These PNECs for resistance selection can be applied in regulatory contexts, and may eventually be refined or supplemented with experimental data as they become available (5). The recent O’Neill report on antimicrobial resistance, commissioned by the British Government, specifically highlights the urgent need for enforceable regulations on antibiotic discharges (6). The concentrations we report can be used by local authorities to define emission limits for antibiotic-producing factories, or for pharma companies to assess and manage risks for resistance selection associated with their own discharges. They also fill an important knowledge gap to make the proposed environmental certificates within the good manufacturing practice framework for antibiotics concrete. Similarly, further development of environmental criteria as part of public procurement processes for antibiotics, as implemented by Sweden and considered by the WHO, will eventually require defined discharge limits. There are also strong incentives to introduce evaluations based on scientific data in the environmental risk assessment of antibiotics within the guidelines of, for example, the European Medicines Agency.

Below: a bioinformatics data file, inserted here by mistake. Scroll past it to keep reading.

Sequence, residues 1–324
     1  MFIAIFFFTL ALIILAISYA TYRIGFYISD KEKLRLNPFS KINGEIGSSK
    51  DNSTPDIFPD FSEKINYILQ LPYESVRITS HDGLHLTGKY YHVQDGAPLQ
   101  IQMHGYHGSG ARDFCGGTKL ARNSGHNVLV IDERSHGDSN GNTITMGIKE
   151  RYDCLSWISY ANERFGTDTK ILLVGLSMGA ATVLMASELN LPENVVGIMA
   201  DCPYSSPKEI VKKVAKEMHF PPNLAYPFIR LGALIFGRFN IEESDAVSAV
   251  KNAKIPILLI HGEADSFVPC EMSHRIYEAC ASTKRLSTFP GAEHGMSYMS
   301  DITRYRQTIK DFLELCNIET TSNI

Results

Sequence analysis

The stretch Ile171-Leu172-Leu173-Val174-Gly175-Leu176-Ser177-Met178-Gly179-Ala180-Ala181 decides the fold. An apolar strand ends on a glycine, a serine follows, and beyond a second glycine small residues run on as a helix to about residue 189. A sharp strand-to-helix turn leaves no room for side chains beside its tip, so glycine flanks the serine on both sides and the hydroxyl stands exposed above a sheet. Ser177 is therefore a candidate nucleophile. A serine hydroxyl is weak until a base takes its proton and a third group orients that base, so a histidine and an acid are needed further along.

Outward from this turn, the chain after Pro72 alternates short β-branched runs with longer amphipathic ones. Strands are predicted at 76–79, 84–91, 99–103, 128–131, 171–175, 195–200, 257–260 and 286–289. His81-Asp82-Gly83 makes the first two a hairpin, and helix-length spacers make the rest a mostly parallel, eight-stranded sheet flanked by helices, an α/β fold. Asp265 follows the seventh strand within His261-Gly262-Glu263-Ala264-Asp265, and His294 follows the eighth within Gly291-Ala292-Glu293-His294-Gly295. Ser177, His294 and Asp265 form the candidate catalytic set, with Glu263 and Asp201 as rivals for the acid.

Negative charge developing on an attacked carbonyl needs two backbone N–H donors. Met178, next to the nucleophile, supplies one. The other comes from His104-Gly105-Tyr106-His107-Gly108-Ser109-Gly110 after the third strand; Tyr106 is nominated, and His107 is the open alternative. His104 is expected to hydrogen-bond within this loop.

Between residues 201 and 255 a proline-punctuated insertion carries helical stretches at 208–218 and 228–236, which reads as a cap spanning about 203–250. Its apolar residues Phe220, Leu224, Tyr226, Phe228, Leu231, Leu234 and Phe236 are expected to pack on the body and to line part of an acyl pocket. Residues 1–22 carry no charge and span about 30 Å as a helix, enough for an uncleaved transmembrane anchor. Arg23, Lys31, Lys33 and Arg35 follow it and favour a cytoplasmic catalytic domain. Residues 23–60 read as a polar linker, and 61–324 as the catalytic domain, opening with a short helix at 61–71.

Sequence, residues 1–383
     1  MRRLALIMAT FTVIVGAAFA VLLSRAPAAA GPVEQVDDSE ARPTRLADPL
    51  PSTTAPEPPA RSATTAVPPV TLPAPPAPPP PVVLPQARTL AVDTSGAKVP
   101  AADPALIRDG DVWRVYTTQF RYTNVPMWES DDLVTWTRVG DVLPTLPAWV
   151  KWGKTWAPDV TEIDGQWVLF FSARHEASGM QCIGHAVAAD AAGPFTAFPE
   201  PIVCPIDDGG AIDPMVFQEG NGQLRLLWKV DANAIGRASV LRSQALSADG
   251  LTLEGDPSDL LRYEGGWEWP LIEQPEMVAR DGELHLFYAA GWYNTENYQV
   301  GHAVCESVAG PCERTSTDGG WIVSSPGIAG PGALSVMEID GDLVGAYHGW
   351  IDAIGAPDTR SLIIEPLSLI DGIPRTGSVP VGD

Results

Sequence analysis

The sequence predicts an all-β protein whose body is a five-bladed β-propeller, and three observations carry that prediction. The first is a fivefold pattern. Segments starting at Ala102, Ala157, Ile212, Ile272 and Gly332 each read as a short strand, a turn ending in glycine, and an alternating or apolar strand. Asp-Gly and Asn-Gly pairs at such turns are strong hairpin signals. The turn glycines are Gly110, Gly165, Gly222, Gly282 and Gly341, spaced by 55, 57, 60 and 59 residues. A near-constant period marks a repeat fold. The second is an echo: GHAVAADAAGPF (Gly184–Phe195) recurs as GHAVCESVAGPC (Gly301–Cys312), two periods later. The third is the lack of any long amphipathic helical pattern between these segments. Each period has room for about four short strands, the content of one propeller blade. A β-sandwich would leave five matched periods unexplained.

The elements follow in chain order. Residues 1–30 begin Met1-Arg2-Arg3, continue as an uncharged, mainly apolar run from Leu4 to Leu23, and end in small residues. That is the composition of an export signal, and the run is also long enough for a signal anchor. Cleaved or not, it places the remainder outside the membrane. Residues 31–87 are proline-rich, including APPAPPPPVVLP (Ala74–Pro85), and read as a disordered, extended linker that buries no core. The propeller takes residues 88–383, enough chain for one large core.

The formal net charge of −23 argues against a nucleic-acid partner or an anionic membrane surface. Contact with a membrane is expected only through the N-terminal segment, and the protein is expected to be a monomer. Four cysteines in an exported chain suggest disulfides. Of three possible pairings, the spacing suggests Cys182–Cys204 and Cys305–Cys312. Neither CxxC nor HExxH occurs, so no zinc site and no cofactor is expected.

Demands for the sustainable, ‘green’ production of pharmaceuticals have already been raised and this is likely to accelerate, which means that pharma companies should be prepared for increased pressure in the future in the form of sharpened procurement criteria and new legislation. Companies with foresight can benefit by making early efforts to reform their production chains towards green manufacturing to get ahead of the enactments to come. A transformation to documented sustainable production may have other benefits for pharmaceutical producers too, by providing environmentally friendly products to conscious customers, which could set responsible companies apart from the negligent. Most companies will want to avoid distrust associated with not taking action (see the “Bad Medicine” report by Sum Of Us (7) for an example of this). With a large number of proposed discharge limits now at hand (4), we think the time is ripe to take action.
- Review on Antimicrobial Resistance, “Antimicrobial Resistance: Tackling a crisis for the health and wealth of nations” report (December, 2014). bit.ly/1yCt7re
- R.L. Finley et al. “The scourge of antibiotic resistance: the important role of the environment,” Clin. Infect. Dis., 57, 704–710 (2013).
- M. Ågerstrand et al. 2015. “Improving environmental risk assessment of human pharmaceuticals,” Environ Sci Tech, 49(9), 5336-5345 (2015).
- J. Bengtsson-Palme and D.G.J. Larsson, “Concentrations of antibiotics predicted to select for resistant bacteria: Proposed limits for environmental regulation,” Environ Int., 86, 140–149 (2016).
- S.V Lundström et al., “Minimal selective concentrations of tetracycline in complex aquatic bacterial biofilms,” Science of the Total Environment, 553, 587-595 (2016).
- Review on Antimicrobial Resistance, “Antimicrobials in agriculture and the environment: Reducing unnecessary use and waste,” report (December, 2015). bit.ly/1SLeZYn
- Sum Of Us, “Bad Medicine” report (June, 2015). bit.ly/1FS6Adq